Are You a Pharisee?


Most Christians draw their understanding of the Pharisees from the New Testament. This is unfortunate, because many of the communities which shaped the New Testament were involved in serious debate with the Pharisees over the direction of Judaism. Therefore, the picture of the Pharisees in our scriptures is often slanted against them.

A careful reading of other historical sources reveals a more positive understanding of the Pharisees. They were one of several Jewish groups of the first century C.E.  Their aim was to extend the holiness and worship of the temple into the everyday life. Their interpretation of the law was more flexible than other Jewish groups because they believed that an oral legal tradition held authority along with the written scriptures. They encouraged an approach to God as a loving Father and cherished a hope for the resurrection of the dead. In light of this information, it seems that Jesus’ own teaching was influenced by the Pharisees.

The Catholic bishops of the Second Vatican Council attempted to correct the inaccurate presentations of the Pharisees and took great steps to improve the relationship between Catholics and Jews. This relationship was addressed chiefly in The Declaration on the Relationship of the Church to Non-Christian Religions. The writing of this declaration was complex and a genuine learning process for the council participants. Many bishops from Europe and the United States were keenly aware of the manner in which Christian distortions of Jews and Judaism had contributed to the growth of Nazism and the horror of the holocaust. Bishops coming from parts of the world where Jews were few contributed perspectives concerning the other great religions such as Islam and Hinduism. What resulted from this international mix was a document with a world-wide perspective which related the church to a variety of religious traditions in a positive way. The document was not, however, without opposition. A conservative minority expressed fear that such a positive view of other religions would weaken the majesty of the Catholic Church and lead to indifference and the lessening of missionary activity. There was even an effort in October of 1964 to derail the document.

The declaration was, however, finally passed. It calls the Church to alter the false perceptions of the past. Section #4 of the text insists that the Jewish people remain most dear to God because of their ancestors. It not only repudiates the charge that the Jews are responsible for Jesus’ death but also decries any displays of anti-Semitism at any time and from any source. In 1985 the Vatican Commission for Religious Relations with Jews issued a series of Notes that were intended to implement the ideals of the Declaration from Vatican II. The Vatican Commission stated that an exclusively negative picture of the Pharisees is likely to be inaccurate and unjust.  They also asserted that if Jesus shows severity in some of his debates with the Pharisees in the gospels, it is because he is closer to them than to other contemporary Jewish groups.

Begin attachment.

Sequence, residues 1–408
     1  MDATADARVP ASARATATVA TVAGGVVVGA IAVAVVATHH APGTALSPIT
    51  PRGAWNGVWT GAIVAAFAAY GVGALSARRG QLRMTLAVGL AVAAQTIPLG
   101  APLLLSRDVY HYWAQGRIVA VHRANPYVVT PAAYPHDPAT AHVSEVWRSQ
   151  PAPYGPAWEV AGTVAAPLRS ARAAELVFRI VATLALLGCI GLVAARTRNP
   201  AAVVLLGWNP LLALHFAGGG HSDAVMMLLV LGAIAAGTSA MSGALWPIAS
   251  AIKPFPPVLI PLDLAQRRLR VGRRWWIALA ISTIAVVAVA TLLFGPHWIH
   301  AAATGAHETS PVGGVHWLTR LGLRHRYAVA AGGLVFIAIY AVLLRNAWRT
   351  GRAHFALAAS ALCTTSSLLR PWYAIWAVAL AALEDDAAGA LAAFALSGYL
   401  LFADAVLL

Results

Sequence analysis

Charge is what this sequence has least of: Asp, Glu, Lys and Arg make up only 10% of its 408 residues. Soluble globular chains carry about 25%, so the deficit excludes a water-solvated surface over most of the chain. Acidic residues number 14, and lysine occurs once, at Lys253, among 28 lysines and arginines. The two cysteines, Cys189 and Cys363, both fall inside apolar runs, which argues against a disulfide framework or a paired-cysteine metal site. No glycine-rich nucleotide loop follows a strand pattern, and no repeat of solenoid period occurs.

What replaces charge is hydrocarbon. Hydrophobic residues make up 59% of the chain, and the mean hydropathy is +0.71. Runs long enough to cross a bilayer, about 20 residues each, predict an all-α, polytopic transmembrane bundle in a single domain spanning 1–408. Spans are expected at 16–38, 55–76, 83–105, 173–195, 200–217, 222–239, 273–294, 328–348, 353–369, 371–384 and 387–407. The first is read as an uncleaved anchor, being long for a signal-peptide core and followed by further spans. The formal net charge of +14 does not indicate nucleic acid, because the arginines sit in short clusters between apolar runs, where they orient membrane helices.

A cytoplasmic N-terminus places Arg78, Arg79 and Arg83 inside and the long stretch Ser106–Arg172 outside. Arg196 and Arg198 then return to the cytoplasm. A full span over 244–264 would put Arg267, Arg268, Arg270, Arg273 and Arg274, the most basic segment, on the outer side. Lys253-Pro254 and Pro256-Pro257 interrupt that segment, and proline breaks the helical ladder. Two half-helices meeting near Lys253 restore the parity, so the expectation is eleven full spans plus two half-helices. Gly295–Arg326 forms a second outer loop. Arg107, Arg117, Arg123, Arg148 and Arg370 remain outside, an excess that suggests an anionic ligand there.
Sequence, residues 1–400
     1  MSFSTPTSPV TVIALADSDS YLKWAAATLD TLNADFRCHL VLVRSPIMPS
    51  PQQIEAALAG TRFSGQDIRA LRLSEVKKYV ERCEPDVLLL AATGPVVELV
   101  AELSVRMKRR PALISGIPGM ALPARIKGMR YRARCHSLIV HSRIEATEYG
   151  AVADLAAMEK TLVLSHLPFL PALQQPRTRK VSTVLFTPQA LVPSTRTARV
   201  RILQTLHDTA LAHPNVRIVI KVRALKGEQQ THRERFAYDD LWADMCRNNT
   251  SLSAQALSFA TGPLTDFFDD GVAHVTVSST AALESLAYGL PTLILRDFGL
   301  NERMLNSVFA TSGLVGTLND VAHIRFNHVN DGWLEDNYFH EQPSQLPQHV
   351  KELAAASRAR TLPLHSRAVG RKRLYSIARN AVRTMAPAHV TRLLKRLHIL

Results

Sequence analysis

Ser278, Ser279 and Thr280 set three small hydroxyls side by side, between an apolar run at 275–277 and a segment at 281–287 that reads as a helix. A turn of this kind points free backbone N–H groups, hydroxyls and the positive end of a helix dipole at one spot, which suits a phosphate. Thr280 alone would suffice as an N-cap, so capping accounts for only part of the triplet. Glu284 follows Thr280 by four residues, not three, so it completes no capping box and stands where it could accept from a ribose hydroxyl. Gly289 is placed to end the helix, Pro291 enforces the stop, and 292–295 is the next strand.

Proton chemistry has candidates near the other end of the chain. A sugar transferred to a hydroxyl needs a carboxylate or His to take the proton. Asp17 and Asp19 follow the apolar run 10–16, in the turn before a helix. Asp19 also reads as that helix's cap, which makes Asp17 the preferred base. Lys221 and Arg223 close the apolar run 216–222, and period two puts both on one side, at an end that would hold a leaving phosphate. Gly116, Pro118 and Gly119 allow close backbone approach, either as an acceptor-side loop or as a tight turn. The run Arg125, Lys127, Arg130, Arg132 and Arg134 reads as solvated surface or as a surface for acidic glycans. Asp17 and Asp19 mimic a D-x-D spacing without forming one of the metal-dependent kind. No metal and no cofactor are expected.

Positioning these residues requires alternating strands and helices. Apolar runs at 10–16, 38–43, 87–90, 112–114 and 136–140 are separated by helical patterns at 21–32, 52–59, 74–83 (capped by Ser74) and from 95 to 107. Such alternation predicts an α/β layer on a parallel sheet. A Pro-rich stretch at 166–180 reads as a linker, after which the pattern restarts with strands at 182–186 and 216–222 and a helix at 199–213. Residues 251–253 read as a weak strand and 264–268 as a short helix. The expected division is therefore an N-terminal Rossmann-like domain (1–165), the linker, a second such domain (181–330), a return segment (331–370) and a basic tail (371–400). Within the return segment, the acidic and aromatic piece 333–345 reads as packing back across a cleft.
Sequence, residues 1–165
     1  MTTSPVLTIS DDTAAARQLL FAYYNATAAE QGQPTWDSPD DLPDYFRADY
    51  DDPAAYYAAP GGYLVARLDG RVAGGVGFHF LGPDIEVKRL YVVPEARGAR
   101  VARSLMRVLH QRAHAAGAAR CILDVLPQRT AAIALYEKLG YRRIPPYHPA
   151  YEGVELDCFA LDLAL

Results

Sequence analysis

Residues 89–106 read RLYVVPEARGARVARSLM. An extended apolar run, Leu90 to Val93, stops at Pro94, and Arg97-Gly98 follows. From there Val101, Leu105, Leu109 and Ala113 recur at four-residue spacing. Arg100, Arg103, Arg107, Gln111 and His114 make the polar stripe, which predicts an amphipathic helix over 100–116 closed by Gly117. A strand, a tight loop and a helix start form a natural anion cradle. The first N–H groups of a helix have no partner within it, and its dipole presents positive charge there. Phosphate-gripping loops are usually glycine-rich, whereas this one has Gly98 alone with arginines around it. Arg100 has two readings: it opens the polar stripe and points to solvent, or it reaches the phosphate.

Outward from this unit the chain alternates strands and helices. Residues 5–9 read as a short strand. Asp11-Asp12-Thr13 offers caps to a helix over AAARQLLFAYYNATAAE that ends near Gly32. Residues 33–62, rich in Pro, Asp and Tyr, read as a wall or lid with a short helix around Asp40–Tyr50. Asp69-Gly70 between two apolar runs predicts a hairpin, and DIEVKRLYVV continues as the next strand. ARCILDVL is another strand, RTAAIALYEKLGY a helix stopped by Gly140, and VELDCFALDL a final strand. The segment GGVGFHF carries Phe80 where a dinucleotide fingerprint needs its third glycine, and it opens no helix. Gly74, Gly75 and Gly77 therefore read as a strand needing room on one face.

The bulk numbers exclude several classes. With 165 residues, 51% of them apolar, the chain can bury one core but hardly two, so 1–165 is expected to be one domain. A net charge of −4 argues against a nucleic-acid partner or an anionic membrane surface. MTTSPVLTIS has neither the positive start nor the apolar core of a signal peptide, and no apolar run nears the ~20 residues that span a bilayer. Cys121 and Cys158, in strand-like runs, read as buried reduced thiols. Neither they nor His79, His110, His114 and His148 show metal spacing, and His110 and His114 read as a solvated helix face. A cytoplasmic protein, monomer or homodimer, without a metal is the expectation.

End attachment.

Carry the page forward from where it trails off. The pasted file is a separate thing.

Correcting a false presentation of the Pharisees is a key component of the Church’s effort to establish an accurate understanding of Judaism and recognize the family ties between Christians and Jews. After the destruction of the Jewish Temple in 70 C.E., the direction of Judaism was guided by the Rabbis who were successors of the Pharisees. Thus all modern expressions of Judaism descend from the Pharisees. Jews today would hold the Pharisees in respect, much as Christians respect the apostles. It is, then, a serious insult to Jews when Christians perpetuate a false and derogatory understanding of the Pharisees. Seeing them as legalists, hypocrites, and enemies of Jesus not only ignores our best historical information, it also minimizes the positive influences the Pharisees have contributed to the Christian tradition.

Are you a Pharisee? Since the group no longer exists, it is impossible to be a Pharisee. But if you believe in the resurrection of the dead and in a loving God whose will for us has been revealed in both written an oral form and shows us how to live our faith in everyday life, you are standing in the faith of the Pharisees.

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